The Roosevelt Rundown is an email series featuring the Roosevelt Institute’s top 5 stories of the week. Our office will be closed next week for winter break, so the rundown will return on January 5, 2018. From all of us at Roosevelt: Thank you for reading!
1.We’re Doing It Wrong
Despite a wave of public backlash, the GOP’s indefensible tax plan has been signed into law. How did this happen? In “Half a Century of Anti-tax Orthodoxy Is Wrong,” Roosevelt President and CEO Felicia Wong argues that though Democrats have long rejected the false promise that tax cuts lead to economic growth, they “have yet to offer a positive argument for the role that taxes play in creating a healthy and strong economy.” To both overcome the brutal blow dealt by the GOP and build a better, more inclusive economy, progressives must champion real reform. This requires embracing a pro-tax agenda and embedding it as a core component of the party’s platform—in 2018 and beyond.
2. Undoing the Damage
Economic and political power are now inseparable—and this dynamic poses great harm to our democracy. In USA Today, Roosevelt Vice President of Research and Policy Nell Abernathy and Vice President of Advocacy and Policy Steph Sterling explain how the GOP tax plan is Exhibit A in the case for rewriting the rules of our economy. For decades, corporations and the super-rich have profited from a tax code tilted to the top, leveraging the wealth they’ve extracted to reshape our democracy. As illustrated in Vox, the tax bill will “shift the balance [of power] even further in favor of the rich.” The tax overhaul pushed through Congress is “a call to arms to dismantle not just the plan itself,” say Abernathy and Sterling, “but the structural conditions that wrought it.”
3. A Consolation Prize
The day the GOP tax plan was passed out of Congress, a group of American corporations, including AT&T, conveniently announced that they would be giving employees a one-time bonus of $1,000. In a new blog post, Roosevelt Fellows Andrea Flynn and Susan R. Holmberg unmask this economic and political grandstanding. These bonuses weren’t selfless gifts, but an attempt to make “President Trump look like the populist he pretends to be.” And when the tax bill is used as a catalyst to dismantle public institutions, like Medicare and student loan programs, $1,000 won’t go very far. Workers deserve this bonus—and a whole lot more. But with the top 1 percent set to receive a windfall in tax cuts, these bonuses alone feel like an insulting consolation prize.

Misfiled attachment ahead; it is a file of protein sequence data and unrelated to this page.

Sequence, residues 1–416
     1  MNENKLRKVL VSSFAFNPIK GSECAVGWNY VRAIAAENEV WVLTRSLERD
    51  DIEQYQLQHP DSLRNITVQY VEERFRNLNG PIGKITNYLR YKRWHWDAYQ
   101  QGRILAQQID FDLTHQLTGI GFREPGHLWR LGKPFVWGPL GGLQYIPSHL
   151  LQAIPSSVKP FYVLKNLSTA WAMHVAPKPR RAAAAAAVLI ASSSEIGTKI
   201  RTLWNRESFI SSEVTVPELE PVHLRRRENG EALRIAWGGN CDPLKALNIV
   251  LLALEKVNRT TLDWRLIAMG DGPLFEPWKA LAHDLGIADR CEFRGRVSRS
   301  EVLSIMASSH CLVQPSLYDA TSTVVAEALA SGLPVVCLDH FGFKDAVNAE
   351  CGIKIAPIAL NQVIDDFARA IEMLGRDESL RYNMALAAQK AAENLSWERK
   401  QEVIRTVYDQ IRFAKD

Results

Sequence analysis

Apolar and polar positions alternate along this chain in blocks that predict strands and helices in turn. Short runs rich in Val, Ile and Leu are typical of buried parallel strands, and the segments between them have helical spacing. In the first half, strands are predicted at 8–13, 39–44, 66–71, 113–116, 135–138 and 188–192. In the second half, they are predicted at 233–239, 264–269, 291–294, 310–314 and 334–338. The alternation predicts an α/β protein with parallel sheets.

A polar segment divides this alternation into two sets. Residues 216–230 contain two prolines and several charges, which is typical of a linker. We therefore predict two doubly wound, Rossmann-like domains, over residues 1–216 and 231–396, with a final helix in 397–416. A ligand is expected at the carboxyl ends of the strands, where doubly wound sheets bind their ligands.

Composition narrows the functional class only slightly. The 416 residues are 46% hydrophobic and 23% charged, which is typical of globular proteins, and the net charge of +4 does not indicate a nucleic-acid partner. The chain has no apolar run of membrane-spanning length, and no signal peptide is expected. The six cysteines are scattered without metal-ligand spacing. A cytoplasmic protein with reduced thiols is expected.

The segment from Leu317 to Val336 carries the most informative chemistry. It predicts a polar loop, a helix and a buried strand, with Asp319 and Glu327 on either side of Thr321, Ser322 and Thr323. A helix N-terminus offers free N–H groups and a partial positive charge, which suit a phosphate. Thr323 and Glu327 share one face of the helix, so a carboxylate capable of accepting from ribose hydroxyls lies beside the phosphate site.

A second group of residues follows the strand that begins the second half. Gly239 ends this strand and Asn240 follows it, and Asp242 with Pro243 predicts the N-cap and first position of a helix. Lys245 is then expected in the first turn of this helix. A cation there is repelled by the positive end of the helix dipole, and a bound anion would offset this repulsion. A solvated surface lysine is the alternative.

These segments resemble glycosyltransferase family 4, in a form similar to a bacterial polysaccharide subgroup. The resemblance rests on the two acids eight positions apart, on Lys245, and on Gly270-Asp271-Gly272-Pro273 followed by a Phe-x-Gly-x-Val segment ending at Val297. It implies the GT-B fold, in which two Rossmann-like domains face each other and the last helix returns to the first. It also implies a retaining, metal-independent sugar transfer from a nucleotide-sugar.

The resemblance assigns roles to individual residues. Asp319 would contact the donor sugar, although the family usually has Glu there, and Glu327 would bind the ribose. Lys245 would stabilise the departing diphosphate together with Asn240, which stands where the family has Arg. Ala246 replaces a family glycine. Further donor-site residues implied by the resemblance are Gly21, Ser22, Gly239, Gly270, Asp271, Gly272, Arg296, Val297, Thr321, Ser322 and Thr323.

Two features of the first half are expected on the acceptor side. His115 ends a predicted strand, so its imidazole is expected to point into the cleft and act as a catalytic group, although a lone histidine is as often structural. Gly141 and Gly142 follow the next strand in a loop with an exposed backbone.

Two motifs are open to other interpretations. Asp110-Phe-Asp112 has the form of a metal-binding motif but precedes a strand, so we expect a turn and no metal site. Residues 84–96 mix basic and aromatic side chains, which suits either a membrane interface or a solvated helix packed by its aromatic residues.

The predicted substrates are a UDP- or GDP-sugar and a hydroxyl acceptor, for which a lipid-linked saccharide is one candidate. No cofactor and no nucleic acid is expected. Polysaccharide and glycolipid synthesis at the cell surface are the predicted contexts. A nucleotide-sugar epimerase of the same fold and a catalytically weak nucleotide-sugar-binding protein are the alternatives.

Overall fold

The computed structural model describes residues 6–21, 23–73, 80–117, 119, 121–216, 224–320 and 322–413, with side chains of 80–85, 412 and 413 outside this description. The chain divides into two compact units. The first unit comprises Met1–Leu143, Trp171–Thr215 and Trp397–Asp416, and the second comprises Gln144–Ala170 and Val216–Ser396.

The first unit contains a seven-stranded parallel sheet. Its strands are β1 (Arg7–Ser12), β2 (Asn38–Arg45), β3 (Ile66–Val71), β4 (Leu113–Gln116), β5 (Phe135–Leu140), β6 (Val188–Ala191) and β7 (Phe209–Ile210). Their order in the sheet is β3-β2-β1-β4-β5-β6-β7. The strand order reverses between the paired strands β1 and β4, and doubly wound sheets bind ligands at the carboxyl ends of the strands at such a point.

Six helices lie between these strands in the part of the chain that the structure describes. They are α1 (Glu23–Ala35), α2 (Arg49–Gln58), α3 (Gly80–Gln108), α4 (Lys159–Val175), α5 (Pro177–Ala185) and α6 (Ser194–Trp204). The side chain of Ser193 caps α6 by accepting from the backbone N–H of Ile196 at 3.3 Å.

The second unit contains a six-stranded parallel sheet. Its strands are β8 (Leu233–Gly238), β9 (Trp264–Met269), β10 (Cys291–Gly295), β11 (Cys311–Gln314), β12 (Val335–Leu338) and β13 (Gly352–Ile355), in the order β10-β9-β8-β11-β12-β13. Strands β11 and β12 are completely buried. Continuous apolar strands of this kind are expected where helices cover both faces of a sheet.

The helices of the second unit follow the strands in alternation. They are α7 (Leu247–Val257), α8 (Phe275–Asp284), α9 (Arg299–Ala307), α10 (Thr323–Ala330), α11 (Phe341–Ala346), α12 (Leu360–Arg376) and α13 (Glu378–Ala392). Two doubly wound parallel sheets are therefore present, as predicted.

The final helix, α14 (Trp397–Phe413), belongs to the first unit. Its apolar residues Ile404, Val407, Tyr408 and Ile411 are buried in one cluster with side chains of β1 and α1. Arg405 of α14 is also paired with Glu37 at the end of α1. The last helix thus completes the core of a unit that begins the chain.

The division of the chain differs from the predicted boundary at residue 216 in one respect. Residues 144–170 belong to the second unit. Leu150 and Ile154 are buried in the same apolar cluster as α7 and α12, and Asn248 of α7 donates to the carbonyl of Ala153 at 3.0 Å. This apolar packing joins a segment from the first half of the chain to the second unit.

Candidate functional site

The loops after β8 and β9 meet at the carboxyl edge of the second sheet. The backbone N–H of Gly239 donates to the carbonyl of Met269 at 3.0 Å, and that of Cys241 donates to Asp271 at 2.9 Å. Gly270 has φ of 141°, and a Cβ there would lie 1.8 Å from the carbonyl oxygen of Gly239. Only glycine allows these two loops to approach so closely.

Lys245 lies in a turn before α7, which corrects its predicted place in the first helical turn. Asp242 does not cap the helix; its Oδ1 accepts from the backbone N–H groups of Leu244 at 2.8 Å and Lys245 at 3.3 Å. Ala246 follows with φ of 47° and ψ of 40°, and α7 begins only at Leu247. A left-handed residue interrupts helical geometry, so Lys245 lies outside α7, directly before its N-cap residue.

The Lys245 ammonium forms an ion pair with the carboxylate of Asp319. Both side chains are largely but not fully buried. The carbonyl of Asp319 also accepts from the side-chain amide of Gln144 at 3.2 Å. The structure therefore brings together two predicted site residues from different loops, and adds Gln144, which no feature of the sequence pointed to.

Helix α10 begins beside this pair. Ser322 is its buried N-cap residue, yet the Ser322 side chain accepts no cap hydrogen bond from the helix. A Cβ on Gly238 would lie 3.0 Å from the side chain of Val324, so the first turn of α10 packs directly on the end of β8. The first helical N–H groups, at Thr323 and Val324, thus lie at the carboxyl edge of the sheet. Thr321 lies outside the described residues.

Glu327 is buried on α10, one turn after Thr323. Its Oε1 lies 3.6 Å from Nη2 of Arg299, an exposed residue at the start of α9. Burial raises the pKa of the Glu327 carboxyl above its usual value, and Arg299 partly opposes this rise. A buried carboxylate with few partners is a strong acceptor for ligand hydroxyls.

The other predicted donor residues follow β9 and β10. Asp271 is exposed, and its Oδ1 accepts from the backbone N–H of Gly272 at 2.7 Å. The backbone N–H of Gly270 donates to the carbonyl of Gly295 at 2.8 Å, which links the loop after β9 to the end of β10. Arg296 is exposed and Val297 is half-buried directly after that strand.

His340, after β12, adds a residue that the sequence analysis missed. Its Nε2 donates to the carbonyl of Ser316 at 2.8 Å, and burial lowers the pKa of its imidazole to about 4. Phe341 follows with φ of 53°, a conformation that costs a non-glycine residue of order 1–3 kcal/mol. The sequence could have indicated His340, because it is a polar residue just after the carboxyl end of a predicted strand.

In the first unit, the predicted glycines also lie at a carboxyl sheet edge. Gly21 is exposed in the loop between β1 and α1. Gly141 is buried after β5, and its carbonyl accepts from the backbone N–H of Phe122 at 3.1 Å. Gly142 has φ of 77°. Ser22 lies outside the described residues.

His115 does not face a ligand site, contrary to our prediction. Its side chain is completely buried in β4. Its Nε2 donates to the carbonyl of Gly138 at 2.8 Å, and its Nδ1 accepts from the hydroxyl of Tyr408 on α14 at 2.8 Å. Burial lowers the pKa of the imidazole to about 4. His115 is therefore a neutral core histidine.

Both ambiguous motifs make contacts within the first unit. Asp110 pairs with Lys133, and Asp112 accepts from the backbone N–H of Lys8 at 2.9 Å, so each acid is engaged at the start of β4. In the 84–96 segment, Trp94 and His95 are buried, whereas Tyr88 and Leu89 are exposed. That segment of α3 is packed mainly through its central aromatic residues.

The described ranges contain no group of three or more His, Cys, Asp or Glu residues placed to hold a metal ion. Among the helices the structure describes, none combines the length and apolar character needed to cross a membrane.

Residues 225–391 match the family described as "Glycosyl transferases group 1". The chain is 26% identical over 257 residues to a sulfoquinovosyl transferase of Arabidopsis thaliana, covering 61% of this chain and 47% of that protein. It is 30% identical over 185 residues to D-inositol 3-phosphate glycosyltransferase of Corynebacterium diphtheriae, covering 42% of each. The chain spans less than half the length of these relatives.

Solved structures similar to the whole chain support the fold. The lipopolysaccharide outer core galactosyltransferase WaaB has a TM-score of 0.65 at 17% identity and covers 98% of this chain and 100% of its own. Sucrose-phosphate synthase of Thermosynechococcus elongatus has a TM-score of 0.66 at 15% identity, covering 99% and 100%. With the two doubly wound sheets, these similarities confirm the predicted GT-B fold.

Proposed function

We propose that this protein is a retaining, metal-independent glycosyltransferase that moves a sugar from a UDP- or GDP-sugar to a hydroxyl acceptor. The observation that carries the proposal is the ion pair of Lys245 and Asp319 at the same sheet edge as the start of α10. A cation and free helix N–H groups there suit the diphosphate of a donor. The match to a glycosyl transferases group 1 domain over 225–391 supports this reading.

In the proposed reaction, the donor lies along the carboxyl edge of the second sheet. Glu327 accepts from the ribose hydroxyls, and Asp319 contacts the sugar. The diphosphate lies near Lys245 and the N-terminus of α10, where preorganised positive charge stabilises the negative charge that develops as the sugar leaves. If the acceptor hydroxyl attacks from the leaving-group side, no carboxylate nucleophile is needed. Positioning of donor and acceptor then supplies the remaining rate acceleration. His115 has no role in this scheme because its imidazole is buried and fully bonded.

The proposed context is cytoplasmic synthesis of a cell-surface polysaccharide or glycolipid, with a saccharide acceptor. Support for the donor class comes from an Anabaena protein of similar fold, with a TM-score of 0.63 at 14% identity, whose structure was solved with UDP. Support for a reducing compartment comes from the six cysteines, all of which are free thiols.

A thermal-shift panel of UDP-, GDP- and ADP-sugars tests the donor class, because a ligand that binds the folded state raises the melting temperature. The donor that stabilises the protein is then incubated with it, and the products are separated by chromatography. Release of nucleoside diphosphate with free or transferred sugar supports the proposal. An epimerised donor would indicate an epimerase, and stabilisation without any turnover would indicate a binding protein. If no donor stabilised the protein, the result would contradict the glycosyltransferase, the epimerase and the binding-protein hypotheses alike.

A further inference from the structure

4. Rebuilding the Left
Roosevelt Fellow Mike Konczal was on the ground in D.C. recently with the Democratic Socialists of America (DSA), a political party rooted in left-wing populism whose membership has exploded in the past year. He says the organization is “changing the nature of the left in the Trump era”—and Democrats should take note. With campaigns like Stomp Out Slumlords, an initiative to undo unethical eviction practices, the group shows what can happen when we’re united by a common cause. As Konczal notes, “the first step of any new political movement begins with small groups of people finding each other and going out into the world.” Last November marked a critical juncture for progressives to redefine their politics. Democrats should pay heed to those rebuilding the left.
5. A Wave of Blue in 2018
A new poll from CNN shows that a blue wave may hit the country next November. Not only are voters more likely to support Democrats in the midterms, but those on the left are increasingly enthusiastic to show up at the ballot box. After the special elections in Virginia and Alabama, “pollsters see reasons to expect a Democratic surge.” As Congress ends the year with two crucial issues unresolved—the Deferred Action for Childhood Arrivals (DACA) program and the Children’s Health Insurance Program (CHIP)—Democrats have another opportunity to distinguish themselves from their Republican counterparts. But a lot can happen in a year, so stay tuned.
What We’re Reading
Can Democrats win red states? A coalition that views “electoral politics as an extension of labor organizing” says yes. For The Nation, Nicolás Medina Mora and Rebecca Zweig explore a new wave of organizing in the Midwest. Shifting away from the “centrist politics” approach of yesteryear, Iowans on the left are going old-school: applying a union activism strategy to push a pro-jobs message that attracts voters—and closes the class/race divide. “If proven right, the prairie progressives could augur a path forward for the American left.”
Who We’re Following:
From Sandy Darity and his perspective on race to Annie Lowrey and her take on taming the top, we’re following a group of forward-thinking, influential people on Twitter who are pushing the economic and social debate forward. Whether it’s Chye-Ching Huang and John Cassidy on economics or Senators Brian Schatz and Sherrod Brown on politics and policy, big ideas are out there. And we’d be remiss if we didn’t mention our very own Felicia Wong, who has a unique perspective on economic reform and actively engages partners and allies in this important work. It will take all of us to rewrite the rules. Join the conversation.